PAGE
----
And he forced us, he forced us to choose one from among ourselves. We had to say, ‘I want this guy to die' or ‘I want this guy to die.' He forced us to choose one of our own guys. We refused because we couldn't. So he said, ‘O.K., I will choose,' and he chose one of my colleagues who of course was also kidnapped and he said, ‘O.K., get on your knees.' And so we'd be convinced. He'd say, ‘Give me your leg,' and he'd force his legs down and we couldn't see anything. And then the last thing, he would shoot into the air.

It was psychological terrorism and it happened like that every day. After that, they would be nice to you. They would bring you juice, a cigarette, a new battery. Another time they took us outside, all six of us outside, and we heard that they were laying out something plastic on the ground. And we thought, O.K., it's over. These are definitely our last moments. They were putting it down so that the blood could spill on it. … We thought anything could happen. And we are sitting there and we couldn't see anything. It was nighttime and it was cold, and we were lined up like this and like this, and we heard a man reloading his machine gun. And they did this for half an hour. … That's how they acted until the very end.

In response to a question about what the militiamen said to the captives, Mr. Engel said:

They were the shabiha. They said this country belonged to them. This country belonged to Ba shar. I heard them say this. They said … they would hit anything. They would kill all of your children, they would kill all your women so they couldn't produce any more dogs like you. Things like that. I was shocked by their language. It was so bloody.

Describing their rescue, Mr. Engel said:

Every day we moved from house to house, sometimes twice in one day. We changed houses a lot. During the last move, there was an impromptu checkpoint set up by the revolutionaries. From the fighters of … um … Ahrar al-Sham. How could I forget? They saved my life. Ahrar al-Sham. I'll say it one more time, Ahrar al-Sham. They saved my life. We got to this street and there was an impromptu checkpoint of Ahrar al-Sham fighters and there was an exchange of gunfire. … It was an ambush.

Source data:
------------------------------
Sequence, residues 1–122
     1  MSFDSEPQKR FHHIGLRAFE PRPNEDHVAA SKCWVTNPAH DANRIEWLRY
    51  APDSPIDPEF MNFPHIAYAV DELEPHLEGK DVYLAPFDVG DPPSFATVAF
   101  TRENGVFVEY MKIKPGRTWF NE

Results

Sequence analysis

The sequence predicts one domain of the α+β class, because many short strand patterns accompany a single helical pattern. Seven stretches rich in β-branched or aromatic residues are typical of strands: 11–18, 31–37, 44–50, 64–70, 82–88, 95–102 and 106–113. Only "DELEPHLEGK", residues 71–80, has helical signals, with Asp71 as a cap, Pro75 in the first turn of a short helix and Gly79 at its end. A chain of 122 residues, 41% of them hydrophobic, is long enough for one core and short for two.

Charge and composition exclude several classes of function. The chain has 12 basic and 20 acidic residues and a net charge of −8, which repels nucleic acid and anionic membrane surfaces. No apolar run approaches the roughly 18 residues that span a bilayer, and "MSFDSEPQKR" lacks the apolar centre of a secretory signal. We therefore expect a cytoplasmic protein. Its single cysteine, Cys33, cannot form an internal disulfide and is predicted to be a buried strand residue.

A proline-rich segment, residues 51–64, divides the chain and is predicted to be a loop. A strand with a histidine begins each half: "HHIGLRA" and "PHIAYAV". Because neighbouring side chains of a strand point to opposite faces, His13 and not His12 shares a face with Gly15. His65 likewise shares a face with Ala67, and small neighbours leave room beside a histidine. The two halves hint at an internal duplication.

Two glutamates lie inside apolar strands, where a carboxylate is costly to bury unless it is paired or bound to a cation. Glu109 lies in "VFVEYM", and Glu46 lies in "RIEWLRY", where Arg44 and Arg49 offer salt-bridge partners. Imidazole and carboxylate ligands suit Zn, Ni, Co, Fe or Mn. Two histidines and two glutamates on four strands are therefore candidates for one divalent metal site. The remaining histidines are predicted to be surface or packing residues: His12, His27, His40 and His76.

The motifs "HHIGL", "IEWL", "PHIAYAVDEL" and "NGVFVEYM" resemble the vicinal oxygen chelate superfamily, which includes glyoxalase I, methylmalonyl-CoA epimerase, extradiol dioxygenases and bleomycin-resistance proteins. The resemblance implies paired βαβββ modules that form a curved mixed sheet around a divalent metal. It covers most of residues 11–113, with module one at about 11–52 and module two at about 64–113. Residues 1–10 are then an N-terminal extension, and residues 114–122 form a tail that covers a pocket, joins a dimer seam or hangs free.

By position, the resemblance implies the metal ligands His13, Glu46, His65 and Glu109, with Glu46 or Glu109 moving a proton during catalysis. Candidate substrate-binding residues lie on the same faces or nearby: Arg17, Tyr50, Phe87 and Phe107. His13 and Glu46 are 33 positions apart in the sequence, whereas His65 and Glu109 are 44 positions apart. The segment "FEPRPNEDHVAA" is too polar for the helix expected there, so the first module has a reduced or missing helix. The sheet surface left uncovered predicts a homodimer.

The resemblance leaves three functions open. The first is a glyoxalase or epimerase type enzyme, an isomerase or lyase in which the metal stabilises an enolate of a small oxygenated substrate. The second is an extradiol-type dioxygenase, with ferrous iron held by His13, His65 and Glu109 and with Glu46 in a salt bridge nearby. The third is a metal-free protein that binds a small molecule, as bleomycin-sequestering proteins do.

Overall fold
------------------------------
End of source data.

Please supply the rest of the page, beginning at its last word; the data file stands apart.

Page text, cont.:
Asked by his interviewer if the firing was random or precise, Mr. Engel said: “It was accurate. Accurate.” When the interviewer suggested to Mr . Engel that the rebels knew the car was coming, he said: “The ambush was precise. It was airtight.” He continued:

We came in a minibus and sitting in front of us were two gunmen, one in front with a gun and the other over on the right with a gun. And there were six of us, behind. We got to the impromptu checkpoint and they were yelling: ‘Checkpoint! Checkpoint! Checkpoint!' One of our abductors got out and shot at the checkpoint and he was killed right away. One or two shots, very direct, and he was dead. The other man got out of the car and was killed. And not a shot hit the inside of the car. Nothing happened inside the car. And we got out through the window, all my friends, to the revolutionaries, who saved our lives. We made a tape with them after our liberation to thank them because we were so thankful to them. If I hadn't been freed, I would still be inside or maybe dead, I don't know. And then after th at it was over, we went to the border and then you and I met a little while ago.

In response to a question about what he would say to the fighters who freed him, and to the Syrian people, Mr. Engel said: “To Ahrar al-Sham, I would say thank you. And then I would say again, thank you. I would say, Thank you from my heart. We saw that their behavior was very good. For the Syrian people, I just want peace. I hope that this crisis ends quickly.”

Robert Mackey also remixes the news on Twitter @robertmackey.